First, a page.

White Papers



1. Flow Assurance in Integrated Asset Modelling
Authors: Rubakumar Sankararaj (Stochastic Simulation Ltd) | Shoaib Memon (Stochastic Simulation Ltd) | Priyanka Jagadip (Stochastic Simulation Ltd) | Andrew Wadsley (Stochastic Simulation Ltd)

Integrated Asset Management (IAM) solutions provides an excellent platform for combining data from multiple sources (subsurface to markets). The level of detail incorporated in such models determines the usefulness of such tools in reservoir management. The integrated modelling tools can be as simple as combining decline profiles to very detailed 3D numerical simulation models coupled to thermodynamic pipelines and facility network with risk management logic represented externally. This study makes an effort to address the issue of differentiating flow assurance models from forecasting tools. The advantages of using IAM tools with optimal detail for questions faced by an engineer are discussed through a real field application. Read Full Paper.

2. Integrated Asset Modelling for Gas Master Planning Thesis
Author: Luke Ellery (School of Mechanical & Chemical Engineering, University of Western Australia). – Free PDF Download of Thesis

Gas Master Plans (GMPs) conventionally use spreadsheets, netback analyses and consider little engineering detail to determine the gas resource allocation. This overlooks synergies between industries, overestimates supply and makes high level assumptions that are shown to have significant effects on the allocation. A potential alternative to these methods is the use of an integrated asset model (IAM).

This paper considers a case study of five fields that were modelled using GasAssure, an IAM, using exponential decline curves to model the production potential. The effect of the liquefied natural gas’s (LNG’s) composition, a factor presently overlooked, was found to have a significant impact on the allocation to other industries. Components, such as carbon dioxide (CO2), were tracked in the IAM with efforts undertaken to maximise their utilisation to reduce flaring.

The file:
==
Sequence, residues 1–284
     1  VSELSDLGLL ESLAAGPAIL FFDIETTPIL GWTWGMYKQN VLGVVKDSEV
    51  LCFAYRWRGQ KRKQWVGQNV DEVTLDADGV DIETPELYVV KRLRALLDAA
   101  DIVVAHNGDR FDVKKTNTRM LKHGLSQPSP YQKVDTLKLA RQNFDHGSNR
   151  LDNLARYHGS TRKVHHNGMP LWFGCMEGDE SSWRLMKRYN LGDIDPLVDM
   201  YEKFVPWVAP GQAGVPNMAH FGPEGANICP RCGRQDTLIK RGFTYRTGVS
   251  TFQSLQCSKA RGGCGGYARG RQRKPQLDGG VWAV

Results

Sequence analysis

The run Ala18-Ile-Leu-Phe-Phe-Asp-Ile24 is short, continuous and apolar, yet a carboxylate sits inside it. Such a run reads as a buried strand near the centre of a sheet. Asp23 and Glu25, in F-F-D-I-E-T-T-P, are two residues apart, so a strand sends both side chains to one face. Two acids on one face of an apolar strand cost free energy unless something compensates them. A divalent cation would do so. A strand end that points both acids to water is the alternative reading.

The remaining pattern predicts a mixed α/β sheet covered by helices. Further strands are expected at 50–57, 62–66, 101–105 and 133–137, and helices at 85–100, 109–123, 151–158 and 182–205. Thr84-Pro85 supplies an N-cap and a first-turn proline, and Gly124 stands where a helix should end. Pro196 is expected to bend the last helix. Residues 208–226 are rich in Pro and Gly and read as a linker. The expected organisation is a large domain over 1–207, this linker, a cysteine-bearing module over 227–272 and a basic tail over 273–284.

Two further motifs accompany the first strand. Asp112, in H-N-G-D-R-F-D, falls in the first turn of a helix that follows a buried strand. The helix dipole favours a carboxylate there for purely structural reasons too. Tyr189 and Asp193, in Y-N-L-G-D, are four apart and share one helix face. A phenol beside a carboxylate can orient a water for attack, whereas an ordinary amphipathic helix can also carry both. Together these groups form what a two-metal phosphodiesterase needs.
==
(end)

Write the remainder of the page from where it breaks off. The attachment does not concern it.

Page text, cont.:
The results indicate that IAMs are able to compare gas allocation scenarios and present an optimal portfolio of gas-utilising industries in a way that current methods are unable to replicate. The correct use of IAMs for GMPs will give life to industries previously overlooked, greater economic growth through increased domestic gas utilisation, and more accurate reports that can be relied upon for subsequent development plans.

3. Integration of Multi-Functional Disciplines to Optimally Develop a Greenfield Gas Development Project.
Authors: Iman Sunhaji (Exxon Mobil Corp.) | William C. Gorden (Exxon Mobil Corporation) | Khadijah Khalid (ExxonMobil E&P Malaysia Inc.) | Alex Liew (ExxonMobil) | Scott Jaynes (ExxonMobil)

A multidisciplinary teamwork approach has been taken to plan the development and execution of a greenfield gas project offshore Peninsular Malaysia. Domestic demand for gas in Peninsular Malaysia remains strong mainly to fuel growing electricity demand. Timely execution of the T Gas Development project is critical to supplementing declining capacity from existing developed fields and ensuring the ability to meet gas supply obligations. This paper was prepared for presentation at the International Petroleum Technology Conference, 26-28 March, Beijing, China.  – Read Full SPE Paper.

4. Advanced Integrated Field Modelling Approach in Development Planning and Management of Giant Gas Condensate Field
Authors: O. Tleukhabyluly (KPO b.v.) | G. Mutaliyev (KPO b.v.) | A. Abdibapov (KPO b.v.)

Over 60 % of the world’s daily oil production today comes from giant fields, where production is on decline (Robelius, 2007). Extended development and management of such complex projects would require integrated and cost efficient approach. Read Full SPE Paper.

5. Integrated Production Forecasting for Business Planning
Authors: Peter Obidike (Shell Petroleum Development Company of Nigeria Ltd.) | Chima Emelle (Shell Petroleum Development Company of Nigeria Ltd.) | Rene Vlaardingerbroek (Shell Petroleum Development Company of Nigeria Ltd.)

Field development planning activities depend on realistic oil and gas production forecasts which are a key input to project economics and subsequently influence business decisions. Several tools and approaches to the generation of these production forecasts exists ranging from simple spreadsheets to complex 3D reservoir models hooked up to surface network models in an integrated production system approach. Read Full SPE Paper.